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China tries to find equilibrium

Beijing is faced with a number of headwinds in its financial system. It will be a challenging balancing act.

Beijing is faced with a number of headwinds in its financial system. It will be a challenging balancing act.

by
John Redwood

in Features

17.12.2019

China is seeking to balance a series of difficult pressures. There is the problem of weak banks and plenty of bad debts in the system. There is the wish to speed transition from reliance on industry to faster growth of technology, communications and consumer services. There is the need to reform and open up its financial markets more, and to edge towards a more market driven way of fixing interest rates and exchange rate. Abroad China has to battle against Trump tariffs and criticisms whilst avoiding a provocative devaluation of the currency.

China’s main way of regulating its money and loan growth is through the Required Reserve Ratio it applies to regulated commercial banks. Since 2018, there have been seven cuts in this ratio to seek to stimulate more lending. If a commercial bank needs to deposit less by way of reserves it has more scope to lend from its own balance sheet. The Chinese Central Bank is not using its balance sheet in the way the Fed or ECB use theirs to inject more cash into their markets. The biggest item held by the Chinese Central Bank as an asset is the large foreign exchange reserves, not a portfolio of state debt in the way the USA and the Euro-area now do.

Small steps

The authorities are embarked on moves towards competitive commercial banks having more influence over interest rates, through their active participation in money markets in forming the Loan Prime Rate. China is widening the number of competitors and seeking to remove any official floor to the rates. So far this has resulted in small steps downwards, as the state encourages some modest cheapening in the price of credit. The state is well aware of weak banks in the system and has recently intervened to take over Baoshong Bank to achieve an orderly resolution of its problems. At the same time the Central Bank injected cash into markets to avoid any contagion from the Baoshong experience. It has changed the rules on perpetual bonds as a means of weaker banks raising new Tier One capital. Nine have done so and 17 are planning such actions.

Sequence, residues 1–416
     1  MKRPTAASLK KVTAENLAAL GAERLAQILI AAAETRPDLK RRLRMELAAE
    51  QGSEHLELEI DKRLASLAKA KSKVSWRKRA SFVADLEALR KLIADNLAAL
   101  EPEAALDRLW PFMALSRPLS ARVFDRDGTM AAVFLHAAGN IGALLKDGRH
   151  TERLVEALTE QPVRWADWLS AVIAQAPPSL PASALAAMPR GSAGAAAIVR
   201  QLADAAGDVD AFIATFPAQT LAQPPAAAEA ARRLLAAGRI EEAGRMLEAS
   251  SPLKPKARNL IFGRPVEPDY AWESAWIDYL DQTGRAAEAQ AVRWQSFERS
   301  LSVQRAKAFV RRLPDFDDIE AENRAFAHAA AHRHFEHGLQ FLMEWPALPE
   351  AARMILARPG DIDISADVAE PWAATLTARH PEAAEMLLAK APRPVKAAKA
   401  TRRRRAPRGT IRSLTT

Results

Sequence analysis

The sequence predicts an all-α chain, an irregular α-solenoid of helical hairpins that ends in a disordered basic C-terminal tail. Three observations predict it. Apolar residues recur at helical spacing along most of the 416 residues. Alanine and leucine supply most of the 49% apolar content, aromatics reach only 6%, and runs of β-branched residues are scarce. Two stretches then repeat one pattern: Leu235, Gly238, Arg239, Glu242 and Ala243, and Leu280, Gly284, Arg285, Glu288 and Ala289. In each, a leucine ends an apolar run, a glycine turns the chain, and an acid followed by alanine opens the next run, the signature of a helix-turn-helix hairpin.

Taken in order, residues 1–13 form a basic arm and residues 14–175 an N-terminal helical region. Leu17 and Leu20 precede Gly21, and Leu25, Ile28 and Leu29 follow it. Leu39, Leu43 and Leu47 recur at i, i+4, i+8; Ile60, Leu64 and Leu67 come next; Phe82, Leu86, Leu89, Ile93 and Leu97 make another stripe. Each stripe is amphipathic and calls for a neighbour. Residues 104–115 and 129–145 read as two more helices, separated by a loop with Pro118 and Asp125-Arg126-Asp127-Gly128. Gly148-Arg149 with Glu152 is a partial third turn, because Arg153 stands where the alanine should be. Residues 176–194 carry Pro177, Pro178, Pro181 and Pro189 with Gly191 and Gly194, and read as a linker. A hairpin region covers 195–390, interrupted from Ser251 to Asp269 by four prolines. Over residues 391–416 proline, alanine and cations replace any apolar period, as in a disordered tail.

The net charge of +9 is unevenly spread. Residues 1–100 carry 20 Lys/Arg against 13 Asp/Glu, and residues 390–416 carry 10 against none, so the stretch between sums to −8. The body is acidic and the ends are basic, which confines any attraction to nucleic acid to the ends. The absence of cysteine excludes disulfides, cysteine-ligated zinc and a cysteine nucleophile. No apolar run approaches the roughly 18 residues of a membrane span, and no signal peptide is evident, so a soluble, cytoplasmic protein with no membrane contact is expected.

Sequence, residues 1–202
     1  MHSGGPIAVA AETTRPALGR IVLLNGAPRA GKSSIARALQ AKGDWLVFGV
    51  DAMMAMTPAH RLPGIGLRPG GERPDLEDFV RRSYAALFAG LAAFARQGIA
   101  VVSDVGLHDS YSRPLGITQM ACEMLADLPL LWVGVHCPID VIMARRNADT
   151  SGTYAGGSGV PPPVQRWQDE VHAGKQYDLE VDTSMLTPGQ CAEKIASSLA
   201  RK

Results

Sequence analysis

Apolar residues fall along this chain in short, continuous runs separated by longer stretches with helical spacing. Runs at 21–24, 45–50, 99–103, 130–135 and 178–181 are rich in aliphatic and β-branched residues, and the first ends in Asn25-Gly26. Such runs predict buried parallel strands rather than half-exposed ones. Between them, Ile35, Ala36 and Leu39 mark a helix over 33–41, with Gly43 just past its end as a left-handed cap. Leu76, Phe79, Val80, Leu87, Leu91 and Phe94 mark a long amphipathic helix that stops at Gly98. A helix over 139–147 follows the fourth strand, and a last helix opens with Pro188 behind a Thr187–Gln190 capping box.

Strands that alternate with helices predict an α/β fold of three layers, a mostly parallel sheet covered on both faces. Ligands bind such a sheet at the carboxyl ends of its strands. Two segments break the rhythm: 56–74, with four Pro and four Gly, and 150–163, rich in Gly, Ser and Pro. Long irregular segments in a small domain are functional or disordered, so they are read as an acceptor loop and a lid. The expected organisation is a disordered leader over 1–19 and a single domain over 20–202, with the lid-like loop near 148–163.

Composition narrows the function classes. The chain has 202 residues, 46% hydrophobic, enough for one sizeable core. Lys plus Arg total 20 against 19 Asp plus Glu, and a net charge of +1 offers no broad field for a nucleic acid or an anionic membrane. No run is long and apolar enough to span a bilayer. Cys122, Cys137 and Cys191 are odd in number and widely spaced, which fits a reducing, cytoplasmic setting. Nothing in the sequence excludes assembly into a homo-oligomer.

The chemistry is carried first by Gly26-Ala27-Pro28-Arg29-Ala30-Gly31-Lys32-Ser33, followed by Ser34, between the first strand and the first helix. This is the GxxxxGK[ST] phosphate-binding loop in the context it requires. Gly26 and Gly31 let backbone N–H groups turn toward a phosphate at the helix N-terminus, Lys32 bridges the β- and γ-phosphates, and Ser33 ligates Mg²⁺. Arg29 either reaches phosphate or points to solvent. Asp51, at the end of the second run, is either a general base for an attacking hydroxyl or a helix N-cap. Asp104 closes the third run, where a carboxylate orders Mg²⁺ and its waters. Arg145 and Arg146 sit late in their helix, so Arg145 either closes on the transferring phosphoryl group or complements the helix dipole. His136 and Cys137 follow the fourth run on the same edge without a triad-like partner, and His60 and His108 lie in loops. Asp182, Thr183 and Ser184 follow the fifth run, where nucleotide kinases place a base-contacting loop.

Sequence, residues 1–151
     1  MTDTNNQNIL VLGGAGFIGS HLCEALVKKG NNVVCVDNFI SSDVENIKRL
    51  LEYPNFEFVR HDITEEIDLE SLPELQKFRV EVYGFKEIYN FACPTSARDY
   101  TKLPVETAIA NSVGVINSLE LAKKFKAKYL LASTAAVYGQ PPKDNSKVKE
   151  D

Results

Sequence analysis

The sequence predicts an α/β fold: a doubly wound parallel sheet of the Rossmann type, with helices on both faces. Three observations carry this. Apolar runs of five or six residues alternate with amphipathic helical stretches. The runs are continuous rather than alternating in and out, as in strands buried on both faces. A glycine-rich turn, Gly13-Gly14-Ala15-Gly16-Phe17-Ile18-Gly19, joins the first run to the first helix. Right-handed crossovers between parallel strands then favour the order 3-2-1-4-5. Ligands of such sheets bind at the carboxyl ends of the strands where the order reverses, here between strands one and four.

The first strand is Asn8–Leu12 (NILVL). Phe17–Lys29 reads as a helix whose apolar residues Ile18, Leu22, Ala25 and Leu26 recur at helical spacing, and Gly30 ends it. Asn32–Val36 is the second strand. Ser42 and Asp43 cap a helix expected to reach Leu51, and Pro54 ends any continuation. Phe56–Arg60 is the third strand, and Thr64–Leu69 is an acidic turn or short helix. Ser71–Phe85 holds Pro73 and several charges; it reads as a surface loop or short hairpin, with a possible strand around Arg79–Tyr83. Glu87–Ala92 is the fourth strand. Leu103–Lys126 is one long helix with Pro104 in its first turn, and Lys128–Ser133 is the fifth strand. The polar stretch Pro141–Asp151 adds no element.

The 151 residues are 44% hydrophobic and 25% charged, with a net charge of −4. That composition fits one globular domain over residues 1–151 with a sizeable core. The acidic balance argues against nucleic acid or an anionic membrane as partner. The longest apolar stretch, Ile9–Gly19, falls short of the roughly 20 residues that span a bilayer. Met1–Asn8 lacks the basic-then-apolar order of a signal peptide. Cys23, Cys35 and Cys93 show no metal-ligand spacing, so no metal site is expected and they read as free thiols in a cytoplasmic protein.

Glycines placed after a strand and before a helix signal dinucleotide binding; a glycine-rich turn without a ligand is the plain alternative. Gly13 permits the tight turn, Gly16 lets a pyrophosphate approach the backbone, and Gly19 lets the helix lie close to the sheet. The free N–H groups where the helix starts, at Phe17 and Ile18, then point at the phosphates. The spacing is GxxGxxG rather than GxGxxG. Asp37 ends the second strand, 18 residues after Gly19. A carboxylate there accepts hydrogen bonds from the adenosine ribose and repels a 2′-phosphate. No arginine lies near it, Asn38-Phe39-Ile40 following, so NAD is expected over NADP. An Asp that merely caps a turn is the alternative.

The aim is to grow credit quickly to small and medium-sized enterprises and to the wider private sector in the newer areas of technology and consumer facing activities. Industry is being slimmed as older plants are closed, excess capacity removed and bad debts gradually tackled. The Bank’s mantra is to fight three battles, “preventing and diffusing financial risks, targeting poverty alleviation and controlling pollution”. It does so against an unhelpful world background, with “downward pressures” at home and abroad increasing.

The People’s Bank also sets out the requirements placed on it by the State Council. It identifies three tasks of serving the real economy, forestalling financial risks and deepening reforms in the financial sector. The Bank rules out “flooding” the market with liquidity, and a housing stimulus. It aims to keep money growth at around the levels of nominal GDP growth, or around 8.5% currently. It acknowledges that CPI inflation is currently too high, mainly owing to the shortage of pork from swine fever and the consequent rapid inflation in food prices which has hit family budgets. There is no producer price inflation to worry about in industry.

Exports still rising

The trade war has been an unhelpful narrative, affecting world markets. Despite the US tariffs China has still increased her exports over the last year and has boosted its trade surplus. One of the prime targets is to increase trade with the Belt and Road countries that China supports with investment and closer ties.

The corporate bond market is experiencing more defaults this year, as the authorities allow markets to discover that some state enterprises and institutions do not carry a government guarantee of their debts. Despite this, there has been some increase in the use of bond issues to finance the wider economy.

China is engaged in a long-term process of tidying up bank balance sheets, reducing bad debts and edging towards a more market-oriented approach to rate and asset price formation. At the same time, the big task is to move from dependence on industry to more consumption and services. There is a big need to cut reliance on coal and other fossil fuels. There is no scope for a major stimulus, and a difficult balance to be struck over structural change and its financing. We anticipate slower growth continuing, with occasional worries about the scale of the changes needed. Meanwhile US hostility to the way China controls her markets and still has such a dominant state sector will continue. This all points to discount valuations for Chinese shares.

Nothing on this website should be construed as personal advice based on your circumstances. No news or research item is a personal recommendation to deal.

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